This is apropos the ones written by Hilal Mir (Half-hearted, half-baked, May 4) and Dileep Padgaonkar (Be a part of the solution, June 6). It is my view of what, after all, might be the problem with the 'Kashmir problem':
There are four, at the least, distinct positions among stakeholders on how the problem must be resolved: one, those few, but influential, Kashmiris who still think that the two-nation theory holds, and that Kashmir must thus amalgamate with Pakistan regardless of the objective conditions in that unfortunate country; two, those who believe Kashmiris of the valley have always been an independent 'nation' and deserve to be so recognised and let go of by both erstwhile dominions; three, those who wish to retain the Accession to India but on the 'pre-1953' terms and conditions; and, four, those who wish not only to remain with India but on a more completely and firmly integrated covenant like any other state of the Union.
That said, remarkably, it is nobody's stated position thus far among the contenders that a solution may be found that rests on a sectarian foundation, or any form of division among the above positions and the territories that voice them.
Many who criticise the 'other' do so without quite suggesting a blueprint that may satisfy the two parts of the contradiction outlined above. Clearly, most 'Kashmir hands' play safe as most 'experts' usually do, retaining thereby a perpetual niche in a continually problematised issue — almost with a relish. Lest this should seem a self-righteous thing to say, this writer makes the claim of having repeatedly made explicit what he thinks is the solution both possible and desirable, given the many coordinates to the history of the issue.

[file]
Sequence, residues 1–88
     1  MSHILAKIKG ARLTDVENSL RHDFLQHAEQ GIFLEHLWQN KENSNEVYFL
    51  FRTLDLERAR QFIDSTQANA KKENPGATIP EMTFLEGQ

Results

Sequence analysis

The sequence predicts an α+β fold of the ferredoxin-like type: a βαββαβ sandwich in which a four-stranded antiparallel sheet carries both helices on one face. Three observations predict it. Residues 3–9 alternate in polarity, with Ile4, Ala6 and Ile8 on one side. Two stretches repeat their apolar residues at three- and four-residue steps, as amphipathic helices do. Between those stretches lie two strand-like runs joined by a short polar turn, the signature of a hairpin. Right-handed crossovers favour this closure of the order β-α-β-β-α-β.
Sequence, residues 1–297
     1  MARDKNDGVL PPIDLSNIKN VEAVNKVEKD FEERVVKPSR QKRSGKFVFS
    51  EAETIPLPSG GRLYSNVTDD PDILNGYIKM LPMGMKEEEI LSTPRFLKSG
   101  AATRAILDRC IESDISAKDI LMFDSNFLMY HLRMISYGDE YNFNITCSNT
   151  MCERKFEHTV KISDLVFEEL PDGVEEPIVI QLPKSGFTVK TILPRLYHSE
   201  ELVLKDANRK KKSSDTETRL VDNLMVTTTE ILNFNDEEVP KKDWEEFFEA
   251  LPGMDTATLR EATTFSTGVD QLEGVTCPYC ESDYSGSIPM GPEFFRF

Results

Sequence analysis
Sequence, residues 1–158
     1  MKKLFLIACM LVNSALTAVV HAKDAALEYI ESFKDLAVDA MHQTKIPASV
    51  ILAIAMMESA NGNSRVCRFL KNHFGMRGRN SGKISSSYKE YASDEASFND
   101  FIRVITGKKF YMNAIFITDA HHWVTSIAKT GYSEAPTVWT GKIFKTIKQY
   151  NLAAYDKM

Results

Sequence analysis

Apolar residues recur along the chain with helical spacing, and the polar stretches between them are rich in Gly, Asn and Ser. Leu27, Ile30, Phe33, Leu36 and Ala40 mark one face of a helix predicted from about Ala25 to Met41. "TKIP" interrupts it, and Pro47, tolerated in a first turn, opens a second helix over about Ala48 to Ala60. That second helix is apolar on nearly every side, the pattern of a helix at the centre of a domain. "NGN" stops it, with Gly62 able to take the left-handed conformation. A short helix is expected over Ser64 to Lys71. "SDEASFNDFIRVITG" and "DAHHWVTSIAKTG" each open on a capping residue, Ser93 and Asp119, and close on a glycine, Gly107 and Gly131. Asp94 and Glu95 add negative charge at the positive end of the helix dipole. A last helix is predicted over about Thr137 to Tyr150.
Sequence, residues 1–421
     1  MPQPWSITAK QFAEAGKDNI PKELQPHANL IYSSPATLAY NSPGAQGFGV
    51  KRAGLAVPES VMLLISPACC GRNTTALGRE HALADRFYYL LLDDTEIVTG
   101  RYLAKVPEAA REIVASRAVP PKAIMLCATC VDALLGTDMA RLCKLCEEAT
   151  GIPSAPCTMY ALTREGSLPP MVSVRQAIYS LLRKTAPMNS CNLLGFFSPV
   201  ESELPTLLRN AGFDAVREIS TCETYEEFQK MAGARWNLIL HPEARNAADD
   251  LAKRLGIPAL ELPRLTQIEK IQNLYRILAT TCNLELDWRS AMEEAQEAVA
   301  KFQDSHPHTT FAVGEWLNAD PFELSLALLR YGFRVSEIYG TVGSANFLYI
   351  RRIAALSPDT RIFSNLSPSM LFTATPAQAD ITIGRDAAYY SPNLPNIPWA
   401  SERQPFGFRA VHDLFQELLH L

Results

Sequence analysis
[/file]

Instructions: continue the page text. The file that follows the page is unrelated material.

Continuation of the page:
Having recently read the report submitted by the three government-appointed interlocutors, I am constrained to say that some of the critiques I have read come sadly either from a vantage that is not given any exclusive weight in the report, or from 'experts' who find this an occasion to rediscover a relevance for themselves without quite appreciating the extraordinary labour, comprehensiveness and, if I may add, intelligence about the problem that informs the report.
It needs to be underlined that any talk that these should have been political heavy weights is frivolous. The fact is no bevy of heavyweight politicians could ever find an argument that might reconcile all the coordinates of the problem. This much has been quite obvious and open for years now.
Without going into details, it is my view that the merit of the report lies in its open-minded recognition that neither a severance from the Union, nor a full-scale integration with it bears any promise of finding a resolution. If that much is conceded, then there will be found to be plenty in the infrastructure of the report that may, in course, lead the contending parties to a negotiation that yields a covenant.
Badri Raina is a retired teacher from the University of Delhi. The views expressed by the author are personal.